• United States
Neal Weinberg
Contributing writer, Foundry

3Com’s XRN architecture

Mar 25, 20033 mins
Network SwitchesNetworking

* Using XRN to interconnect backbone switches in order to get full redundancy at Layer 2 and Layer 3

Look who’s targeting the high-end enterprise market with a new interconnect technology that allows customers to lash together multiple workgroup switches. Yes, it’s 3Com.

The Reviewmeister was curious so we tested 3Com’s XRN interconnect technology.

The basic idea behind XRN is to interconnect backbone switches so they offer full redundancy at Layer 2 and Layer 3. Our tests, in which we tested a 3Com SuperStack 4050 and SuperStack 4060 connected via the XRN Interconnect Kit, showed that this redundancy worked well, with subsecond failover in all cases.

To create redundancy, users first connect core switches to create an XRN stack, and then dual-attach workgroup switches or computers to the stack. In a Layer 3 environment, the XRN stack appears as one device with a single IP and media access control (MAC) address, even though each element in the stack contains its own routing table. In testing, this design worked as intended. The XRN stack offered line-rate throughput for Layer 2 traffic and throughput equivalent to around 95% of line rate for Layer 3 traffic.

If one element in the XRN stack fails, the routing table of another element in the stack takes over. 3Com says it keeps the different routing tables synchronized through periodic triggered updates using a feature called Distributed Resilient Routing (DRR).

A major differentiator of the XRN approach is its use of active-active load sharing. To increase available bandwidth, XRN also supports 802.3ad link aggregation for dual-homed connections. For example, two switches could be interconnected with two Gigabit Ethernet links, which appear as one virtual circuit with 2G bit/sec of capacity in either direction.

One downside of the XRN approach is that it’s proprietary. It’s not possible to build an XRN stack with switches from 3Com and other vendors.

We conducted two sets of tests: First, we evaluated XRN’s resiliency by measuring recovery times when we severed a link or disconnected the power to one of the XRN stack’s components. Second, we ran Layer 2 and Layer 3 stress tests to determine the devices’ forwarding and delay characteristics.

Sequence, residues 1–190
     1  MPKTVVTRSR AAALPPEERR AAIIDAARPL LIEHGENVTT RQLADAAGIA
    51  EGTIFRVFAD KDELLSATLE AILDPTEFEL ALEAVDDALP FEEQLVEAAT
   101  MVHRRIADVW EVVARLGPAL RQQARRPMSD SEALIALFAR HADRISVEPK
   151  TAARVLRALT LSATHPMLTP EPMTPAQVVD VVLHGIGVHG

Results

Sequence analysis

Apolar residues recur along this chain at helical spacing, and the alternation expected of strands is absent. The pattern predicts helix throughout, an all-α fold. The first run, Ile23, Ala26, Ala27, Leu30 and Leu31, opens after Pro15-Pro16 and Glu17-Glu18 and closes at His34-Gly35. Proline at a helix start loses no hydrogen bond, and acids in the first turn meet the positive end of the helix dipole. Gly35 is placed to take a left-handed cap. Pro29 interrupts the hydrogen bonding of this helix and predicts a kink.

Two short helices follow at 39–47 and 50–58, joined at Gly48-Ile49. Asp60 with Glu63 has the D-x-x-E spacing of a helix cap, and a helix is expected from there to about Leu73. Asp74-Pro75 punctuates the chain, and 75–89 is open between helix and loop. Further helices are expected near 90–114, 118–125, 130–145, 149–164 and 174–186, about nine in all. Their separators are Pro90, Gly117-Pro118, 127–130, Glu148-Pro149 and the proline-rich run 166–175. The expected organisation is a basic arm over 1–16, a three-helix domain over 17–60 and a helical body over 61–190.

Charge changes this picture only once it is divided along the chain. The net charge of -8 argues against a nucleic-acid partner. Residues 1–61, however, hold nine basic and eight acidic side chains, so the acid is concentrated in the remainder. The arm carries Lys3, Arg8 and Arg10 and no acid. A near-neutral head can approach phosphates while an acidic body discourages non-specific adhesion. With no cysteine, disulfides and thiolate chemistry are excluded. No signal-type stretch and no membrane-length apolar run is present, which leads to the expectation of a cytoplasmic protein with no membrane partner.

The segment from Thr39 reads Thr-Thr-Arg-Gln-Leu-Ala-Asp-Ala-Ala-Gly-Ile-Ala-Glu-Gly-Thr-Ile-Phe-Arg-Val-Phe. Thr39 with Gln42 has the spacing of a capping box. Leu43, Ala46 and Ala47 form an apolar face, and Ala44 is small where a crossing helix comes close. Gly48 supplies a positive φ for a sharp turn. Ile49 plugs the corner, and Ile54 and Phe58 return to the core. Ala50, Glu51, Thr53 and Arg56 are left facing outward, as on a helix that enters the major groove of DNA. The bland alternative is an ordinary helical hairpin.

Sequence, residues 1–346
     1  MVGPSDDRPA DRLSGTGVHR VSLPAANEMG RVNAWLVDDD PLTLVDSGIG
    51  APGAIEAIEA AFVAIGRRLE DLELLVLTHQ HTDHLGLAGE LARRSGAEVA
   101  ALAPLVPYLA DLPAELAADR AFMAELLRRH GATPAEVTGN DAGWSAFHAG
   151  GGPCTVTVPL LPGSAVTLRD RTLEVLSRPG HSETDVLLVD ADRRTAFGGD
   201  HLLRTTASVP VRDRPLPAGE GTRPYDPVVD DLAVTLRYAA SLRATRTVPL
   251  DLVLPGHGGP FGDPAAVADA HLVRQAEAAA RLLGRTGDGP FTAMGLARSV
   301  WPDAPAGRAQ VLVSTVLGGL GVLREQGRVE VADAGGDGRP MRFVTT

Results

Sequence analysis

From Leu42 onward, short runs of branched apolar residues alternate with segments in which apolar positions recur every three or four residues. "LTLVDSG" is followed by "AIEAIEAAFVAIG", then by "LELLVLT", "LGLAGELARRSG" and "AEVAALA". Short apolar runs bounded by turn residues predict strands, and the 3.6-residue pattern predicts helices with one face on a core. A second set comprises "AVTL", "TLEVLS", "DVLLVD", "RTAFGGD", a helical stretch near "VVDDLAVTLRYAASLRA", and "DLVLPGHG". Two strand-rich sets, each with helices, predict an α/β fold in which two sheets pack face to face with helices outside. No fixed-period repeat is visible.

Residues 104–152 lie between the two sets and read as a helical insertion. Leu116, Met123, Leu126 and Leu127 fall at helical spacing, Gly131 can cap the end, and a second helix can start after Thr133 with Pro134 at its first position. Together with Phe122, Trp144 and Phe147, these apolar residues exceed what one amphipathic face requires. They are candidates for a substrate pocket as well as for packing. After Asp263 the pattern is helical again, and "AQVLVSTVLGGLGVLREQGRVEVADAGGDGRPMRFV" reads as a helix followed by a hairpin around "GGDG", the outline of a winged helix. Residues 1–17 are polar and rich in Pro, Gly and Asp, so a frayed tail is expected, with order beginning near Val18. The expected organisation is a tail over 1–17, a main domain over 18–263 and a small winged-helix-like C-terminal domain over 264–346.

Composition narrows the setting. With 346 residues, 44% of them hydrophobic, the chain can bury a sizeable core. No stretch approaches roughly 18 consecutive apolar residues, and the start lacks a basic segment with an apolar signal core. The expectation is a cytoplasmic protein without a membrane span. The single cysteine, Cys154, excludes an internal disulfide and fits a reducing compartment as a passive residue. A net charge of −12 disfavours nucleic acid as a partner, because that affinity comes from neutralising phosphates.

In five trials, Layer 3 failover always occurred in less than 1 second. On average, it took 822 millisec for all traffic to be redirected onto the remaining uplink to the XRN core stack. We got even better results when disconnecting power from one switch in the XRN stack during the test. It took only 438 millisec to failover all traffic to the remaining switch.

In the second test, we used the Spirent SmartBits analyzer/ generator to offer traffic to 20 Fast Ethernet ports on each of the Superstack 4400 devices, with traffic destined to all 20 Fast Ethernet ports on the other SuperStack 4400 in a partial mesh pattern.

For Layer 2 forwarding, the 3Com switches performed perfectly. We measured line-rate throughput with 64-, 256- and 1,518-byte frames.

Latency was also low, with four switches adding average delay of just 31 microsec for 64-byte frames, 120 microsec for 256-byte frames, and 478 microsec for 1,518-byte frames. These numbers don’t come anywhere close to the point where application performance would be degraded.

The XRN switches didn’t quite run at line rate in our Layer 3 tests. The switches achieved throughput equivalent to around 94% of line rate when routing 64-byte IP packets, 97.5% of line rate when routing 256-byte IP packets, and around 95% of line rate when routing 1,518-byte IP packets. 3Com officials say the slight differences in Layer 2 and Layer 3 results are because of the hashing algorithm used.

Then again, even though the switches’ Layer 3 throughput was lower, latency still was well below the point where it would disrupt applications.  For the full report, go to